The European Commission has published a communication on the de Larosière Group report for the Spring European Council meeting. Key points in the communication include:

  • The Commission welcomes the report and shares the Group's analysis of the causes of the financial crisis. The report’s 31 recommendations offer a comprehensive set of concrete solutions for regulatory, supervisory and global repair action.
  • The report's recommendation on the need to develop a harmonised core set of standards to be applied throughout the EU is of particular interest to the Commission. Key differences in national legislation stemming from exceptions, derogations, additions made at national level or ambiguities in current Directives should be identified and removed.
  • The report highlights the existing gaps in preventing, managing and resolving crises and the difficulties caused by a lack of cooperation, coordination, consistency and trust between the national supervisors. For businesses, complying with numerous different regimes brings additional administrative and regulatory burdens. The Commission agrees with the report's finding that recent experience has exposed important failures in the way supervisors look at specific cases and in their approach to the financial system.
  • On macro-prudential supervision, the Commission welcomes the report's idea for a new European body, under the auspices of the European Central Bank (ECB) and involving the Commission and the Level 3 Committees, as such a body would be well placed to identify systemic risks at European level and issue risk warnings.
  • In terms of supervising individual companies, the report recommended the establishment of the European System of Financial Supervisors (ESFS). The Commission agrees with the report's finding that the structure of the existing Level 3 Committees is not sufficient to ensure financial stability in the EU and its Member States, and that the inefficiencies in the present structure need to be resolved as swiftly as possible. The Commission also considers that there are merits in a system which combines certain centralised responsibilities at European level while maintaining a clear role for national supervisors who are closest to the day-to-day operation of companies. However, the Commission sees an urgent need to speed up the process of implementation by combining the two phrases proposed by the Group.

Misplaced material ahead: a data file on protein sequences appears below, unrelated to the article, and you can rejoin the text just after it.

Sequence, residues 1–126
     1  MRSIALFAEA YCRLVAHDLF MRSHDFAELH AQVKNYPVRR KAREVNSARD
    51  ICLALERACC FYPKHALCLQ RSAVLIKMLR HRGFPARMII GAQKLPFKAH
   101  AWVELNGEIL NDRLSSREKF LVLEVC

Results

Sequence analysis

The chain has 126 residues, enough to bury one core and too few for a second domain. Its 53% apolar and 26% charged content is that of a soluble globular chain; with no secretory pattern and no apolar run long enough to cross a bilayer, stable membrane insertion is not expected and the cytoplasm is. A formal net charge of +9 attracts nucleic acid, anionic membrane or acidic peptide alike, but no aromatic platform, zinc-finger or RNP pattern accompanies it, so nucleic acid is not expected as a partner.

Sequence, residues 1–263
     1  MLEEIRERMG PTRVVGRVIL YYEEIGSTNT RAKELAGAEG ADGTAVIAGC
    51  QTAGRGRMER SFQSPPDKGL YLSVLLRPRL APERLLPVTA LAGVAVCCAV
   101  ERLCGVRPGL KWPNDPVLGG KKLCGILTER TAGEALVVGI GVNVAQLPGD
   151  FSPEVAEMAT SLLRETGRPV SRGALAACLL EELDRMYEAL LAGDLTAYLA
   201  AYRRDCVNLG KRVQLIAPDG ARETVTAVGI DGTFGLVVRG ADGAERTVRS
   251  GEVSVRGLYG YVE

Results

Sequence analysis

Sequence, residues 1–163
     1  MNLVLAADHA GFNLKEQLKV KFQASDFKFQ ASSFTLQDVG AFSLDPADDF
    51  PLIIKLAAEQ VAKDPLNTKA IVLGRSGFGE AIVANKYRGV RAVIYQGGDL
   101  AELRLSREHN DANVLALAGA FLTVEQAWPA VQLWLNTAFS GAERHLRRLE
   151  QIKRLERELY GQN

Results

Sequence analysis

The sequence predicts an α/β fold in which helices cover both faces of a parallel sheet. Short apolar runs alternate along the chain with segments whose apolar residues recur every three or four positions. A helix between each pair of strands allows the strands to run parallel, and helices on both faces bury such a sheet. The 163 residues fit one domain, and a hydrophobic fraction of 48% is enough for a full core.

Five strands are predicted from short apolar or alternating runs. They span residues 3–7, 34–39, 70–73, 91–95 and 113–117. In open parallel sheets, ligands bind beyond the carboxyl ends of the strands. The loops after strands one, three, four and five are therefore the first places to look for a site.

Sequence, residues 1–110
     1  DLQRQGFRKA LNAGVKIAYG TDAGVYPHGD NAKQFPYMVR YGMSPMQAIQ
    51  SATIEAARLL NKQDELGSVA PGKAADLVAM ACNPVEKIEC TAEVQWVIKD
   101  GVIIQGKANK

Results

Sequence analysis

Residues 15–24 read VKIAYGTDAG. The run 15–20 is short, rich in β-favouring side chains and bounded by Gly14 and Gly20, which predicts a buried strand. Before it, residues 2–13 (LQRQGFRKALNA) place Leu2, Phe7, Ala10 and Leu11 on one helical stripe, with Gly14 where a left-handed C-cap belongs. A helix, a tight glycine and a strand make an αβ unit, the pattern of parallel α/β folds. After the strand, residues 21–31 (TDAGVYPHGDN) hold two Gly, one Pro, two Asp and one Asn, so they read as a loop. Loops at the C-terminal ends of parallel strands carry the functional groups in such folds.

Building on the report’s recommendations, the Commission will present a European financial supervision package before the end of May 2009, for decision at the June European Council. The legislative changes to give effect to these proposals will follow in the autumn and should be adopted in time for the renewed supervisory arrangements to be up and running by the end of 2010. The package will include measures to establish a European body to oversee the stability of the financial system as a whole and proposals on the architecture of a European financial supervision system. It is also crucial to strengthen the EU's crisis management and intervention mechanisms. The Commission will publish a White Paper on early intervention by June 2009.

View Communication for the Spring European Council - Driving European recovery, 4 March 2009